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      Endotoxin-Induced Renal Failure

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          Endotoxin-induced hypotension and altered renal microcirculation could lead to tubular injury, particularly at the physiologically hypoxic outer medulla. We explored this hypothesis in isolated perfused kidneys and in vivo in rats subjected to endotoxemia. Rat kidneys were removed 15 min after endotoxin injection in vivo (from Escherichia coli 0127:B8, 1 mg/kg i.p.) and perfused with oxygenated medium supplemented with 20 amino acids and endotoxin. Glomerular filtration rate and filtration fraction markedly declined (0.4 ± 0.1 ml/min and 1.1 ± 0.1, respectively) as compared with control kidneys (0.7 ± 0.1 ml/min and 1.8 ± 0.1, n = 8–12 per group; p < 0.05). Hypoxic injury to medullary thick ascending limbs in the innermost outer medulla increased (47 ± 9% of tubules vs. 16 ± 8% in controls, p < 0.05). When rats were preconditioned with an additional endotoxin injection 16 h earlier (a manipulation that markedly reduces cortical and medullary blood flow), glomerular filtration rate and filtration fraction further declined to 0.1 ± 0.0 ml/min and 0.4 ± 0.1, respectively (p < 0.01), and tubular sodium reabsorption fell to 81 ± 12 vs 98 ± 0% in controls (p < 0.05). Tubular damage, however, did not increase (20 ± 7%), probably reflecting a decline in reabsorptive workload and oxygen requirement. In rats subjected to a single or two repeated daily doses of endotoxin (1 mg/kg i.p.) plasma creatinine comparably rose 41% on the average over 24 h, creatinine clearance fell by 27% (p < 0.0001), but tubular damage was absent. By contrast, in rats preconditioned with indomethacin and the nitric oxide synthase inhibitor N<sup>G</sup>-nitro- L-arginine methyl ester (10 mg/kg), the addition of endotoxin markedly augmented outer medullary hypoxic tubular damage both in S<sub>3</sub> segments (27 ± 10 vs 1 ± 1%) and in medullary thick ascending limbs (38 ± 11 vs. 10 ± 5%, n = 7–8; p < 0.05). It is concluded that under special conditions, such as altered medullary oxygen balance or defective nitric oxide or prostaglandin synthesis, endotoxin may predispose to hypoxic outer medullary tubular damage.

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          Hypoxia of the renal medulla--its implications for disease.

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            Endotoxin-Induced Renal Failure

            The pathogenesis of sepsis-induced renal failure is multifactorial and only partially understood. In these studies we evaluated intrarenal microcirculatory changes during endotoxemia and the potential role of nitric oxide (NO) and endothelin in these changes. In anesthetized rats endotoxin infusion [lipopolysaccharide (LPS), Escherichia coli serotype 0127:B8; 10 mg/kg/h] resulted in hypotension and a transient enhancement of renal blood flow, with cortical vasodilation and a loss of outer medullary vasodilatory response to hypotension. The initial cortical vasodilation was abolished by the NO synthase inhibitor NG-nitro- L -arginine methyl ester, but not by indomethacin. Direct NO measurements disclosed a gradual rise in cortical NO, despite the waning vasodilatory effect, suggesting antagonizing vasoconstrictive stimuli. In rats pretreated by LPS (1 mg/kg i.p. 1 day earlier) the renal blood flow was reduced to 55% of that of controls. Moreover, the vasodilatory response to LPS infusion was converted into profound cortical and medullary vasoconstriction. In these preconditioned rats the endothelin receptor antagonist bosentan evoked a vasodilatory response and attenuated the vasoconstrictive reaction to LPS infusion. The infusion of another LPS ( E. coli serotype 0111:B4) exerted predominant and protracted renal vasodilation without hypotension. In conclusion, different LPS exert diverse systemic and renal hemodynamic responses. The 0127:B8 serotype attenuates renal medullary vasodilation during hypotension, exerts transient cortical vasodilation, and following repeated exposure induces profound renal vasoconstriction. NO and endothelin participate in LPS-induced vascular responses that may predispose to hypoxic tubular damage.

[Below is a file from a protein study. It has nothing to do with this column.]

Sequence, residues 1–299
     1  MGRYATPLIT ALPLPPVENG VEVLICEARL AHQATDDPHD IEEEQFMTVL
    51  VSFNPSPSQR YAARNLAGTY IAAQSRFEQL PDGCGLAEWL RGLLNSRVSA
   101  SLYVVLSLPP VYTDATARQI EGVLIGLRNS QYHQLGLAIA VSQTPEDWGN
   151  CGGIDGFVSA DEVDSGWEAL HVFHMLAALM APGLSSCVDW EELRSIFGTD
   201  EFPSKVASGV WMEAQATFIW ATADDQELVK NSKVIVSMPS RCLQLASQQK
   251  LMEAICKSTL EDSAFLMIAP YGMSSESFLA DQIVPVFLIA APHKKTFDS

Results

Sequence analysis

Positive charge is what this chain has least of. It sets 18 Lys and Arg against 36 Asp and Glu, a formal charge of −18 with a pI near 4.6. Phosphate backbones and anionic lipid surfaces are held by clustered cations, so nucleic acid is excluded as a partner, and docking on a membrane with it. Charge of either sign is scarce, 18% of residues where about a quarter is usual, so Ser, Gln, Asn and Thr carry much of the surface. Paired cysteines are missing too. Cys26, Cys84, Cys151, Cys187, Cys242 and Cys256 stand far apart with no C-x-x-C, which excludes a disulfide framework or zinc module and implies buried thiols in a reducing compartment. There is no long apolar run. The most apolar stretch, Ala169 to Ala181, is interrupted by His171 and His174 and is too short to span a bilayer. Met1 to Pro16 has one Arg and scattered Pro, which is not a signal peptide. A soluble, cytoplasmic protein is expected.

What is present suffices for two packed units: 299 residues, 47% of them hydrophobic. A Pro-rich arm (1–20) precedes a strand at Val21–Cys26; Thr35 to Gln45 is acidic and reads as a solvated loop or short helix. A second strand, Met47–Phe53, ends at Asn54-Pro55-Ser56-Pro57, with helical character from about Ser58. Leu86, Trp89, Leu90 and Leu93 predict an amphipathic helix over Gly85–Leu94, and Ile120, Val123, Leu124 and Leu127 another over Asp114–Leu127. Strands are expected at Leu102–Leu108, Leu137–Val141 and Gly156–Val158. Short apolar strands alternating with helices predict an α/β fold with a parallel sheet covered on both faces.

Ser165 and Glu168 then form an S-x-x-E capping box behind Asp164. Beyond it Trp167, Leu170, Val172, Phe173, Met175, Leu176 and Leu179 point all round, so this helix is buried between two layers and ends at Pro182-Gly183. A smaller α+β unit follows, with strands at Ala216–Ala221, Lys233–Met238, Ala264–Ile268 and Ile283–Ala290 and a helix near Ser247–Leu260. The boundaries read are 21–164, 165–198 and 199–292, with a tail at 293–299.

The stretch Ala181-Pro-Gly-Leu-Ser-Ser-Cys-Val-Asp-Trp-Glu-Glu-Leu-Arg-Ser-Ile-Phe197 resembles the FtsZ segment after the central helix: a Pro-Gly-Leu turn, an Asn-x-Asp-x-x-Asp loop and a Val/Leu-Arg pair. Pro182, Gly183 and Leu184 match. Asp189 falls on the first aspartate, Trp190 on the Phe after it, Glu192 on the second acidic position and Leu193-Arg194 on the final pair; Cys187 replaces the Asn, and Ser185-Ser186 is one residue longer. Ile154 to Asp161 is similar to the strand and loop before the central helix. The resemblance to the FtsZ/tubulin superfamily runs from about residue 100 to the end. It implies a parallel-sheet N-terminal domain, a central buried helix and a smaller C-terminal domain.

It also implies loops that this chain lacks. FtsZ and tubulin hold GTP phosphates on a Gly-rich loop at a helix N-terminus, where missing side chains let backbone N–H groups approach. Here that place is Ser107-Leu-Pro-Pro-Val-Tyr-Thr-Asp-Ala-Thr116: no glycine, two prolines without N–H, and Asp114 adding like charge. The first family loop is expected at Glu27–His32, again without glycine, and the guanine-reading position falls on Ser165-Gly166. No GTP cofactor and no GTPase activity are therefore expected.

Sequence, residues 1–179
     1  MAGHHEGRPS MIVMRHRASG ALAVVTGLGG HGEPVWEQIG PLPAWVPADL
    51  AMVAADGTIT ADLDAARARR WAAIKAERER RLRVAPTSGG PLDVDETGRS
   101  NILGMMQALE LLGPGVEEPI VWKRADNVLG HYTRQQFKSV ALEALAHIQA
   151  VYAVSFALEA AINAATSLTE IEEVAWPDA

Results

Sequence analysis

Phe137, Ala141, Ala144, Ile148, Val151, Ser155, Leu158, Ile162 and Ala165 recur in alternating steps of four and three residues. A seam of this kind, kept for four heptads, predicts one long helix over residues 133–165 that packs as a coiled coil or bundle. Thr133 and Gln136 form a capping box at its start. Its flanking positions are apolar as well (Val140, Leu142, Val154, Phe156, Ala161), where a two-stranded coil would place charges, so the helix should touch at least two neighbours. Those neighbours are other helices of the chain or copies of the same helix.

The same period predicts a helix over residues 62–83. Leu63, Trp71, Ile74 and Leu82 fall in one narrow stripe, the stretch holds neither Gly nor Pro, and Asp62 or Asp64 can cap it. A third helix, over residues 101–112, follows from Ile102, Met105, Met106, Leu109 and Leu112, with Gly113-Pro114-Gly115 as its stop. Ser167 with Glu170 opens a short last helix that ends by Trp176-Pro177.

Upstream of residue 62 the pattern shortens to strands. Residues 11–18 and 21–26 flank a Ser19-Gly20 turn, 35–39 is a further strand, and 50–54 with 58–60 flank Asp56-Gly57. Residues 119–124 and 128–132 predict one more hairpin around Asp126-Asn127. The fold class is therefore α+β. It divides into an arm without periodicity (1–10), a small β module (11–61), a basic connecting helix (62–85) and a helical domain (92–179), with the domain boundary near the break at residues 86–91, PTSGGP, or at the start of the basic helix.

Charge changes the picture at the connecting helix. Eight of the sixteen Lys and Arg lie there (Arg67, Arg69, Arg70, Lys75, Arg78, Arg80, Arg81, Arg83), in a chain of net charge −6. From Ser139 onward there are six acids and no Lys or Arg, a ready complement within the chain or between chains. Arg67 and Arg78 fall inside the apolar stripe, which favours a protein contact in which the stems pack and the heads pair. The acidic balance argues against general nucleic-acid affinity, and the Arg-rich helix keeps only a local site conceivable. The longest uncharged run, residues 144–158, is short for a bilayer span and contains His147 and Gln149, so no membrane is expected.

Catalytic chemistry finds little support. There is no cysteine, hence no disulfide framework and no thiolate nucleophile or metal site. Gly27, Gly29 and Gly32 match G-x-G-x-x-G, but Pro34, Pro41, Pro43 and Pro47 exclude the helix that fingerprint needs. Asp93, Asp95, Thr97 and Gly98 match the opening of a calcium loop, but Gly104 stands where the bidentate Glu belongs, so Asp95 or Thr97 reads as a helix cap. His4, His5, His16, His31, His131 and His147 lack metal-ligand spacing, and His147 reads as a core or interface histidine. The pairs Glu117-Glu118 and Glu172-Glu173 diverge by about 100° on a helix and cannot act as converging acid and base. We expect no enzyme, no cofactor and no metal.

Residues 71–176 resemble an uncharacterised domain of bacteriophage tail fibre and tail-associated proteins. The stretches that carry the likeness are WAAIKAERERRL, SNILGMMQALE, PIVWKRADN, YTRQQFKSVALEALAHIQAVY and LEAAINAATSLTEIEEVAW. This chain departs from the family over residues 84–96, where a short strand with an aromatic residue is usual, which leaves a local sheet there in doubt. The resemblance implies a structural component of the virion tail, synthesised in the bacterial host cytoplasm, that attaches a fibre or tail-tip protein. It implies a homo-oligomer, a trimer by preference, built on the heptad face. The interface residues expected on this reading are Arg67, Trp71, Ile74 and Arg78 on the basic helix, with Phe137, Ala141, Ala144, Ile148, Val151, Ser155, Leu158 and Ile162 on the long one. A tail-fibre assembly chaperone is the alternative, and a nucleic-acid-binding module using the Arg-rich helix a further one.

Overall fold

Author and article information

              Nephron Exp Nephrol
              Cardiorenal Medicine
              S. Karger AG
              October 2000
              31 July 2000
              : 8
              : 4-5
              : 275-282
              aDepartment of Medicine, Hadassah University Hospital, Mt. Scopus, and Hebrew University Medical School and bNephrology Unit, Bikur Holim Hospital, Jerusalem, Israel; cDepartment of Pathology, Beth Israel Deaconess Medical Center and Harvard Medical School, Boston, Mass., USA
              20679 Exp Nephrol 2000;8:275–282
              © 2000 S. Karger AG, Basel

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              Figures: 3, Tables: 4, References: 28, Pages: 8
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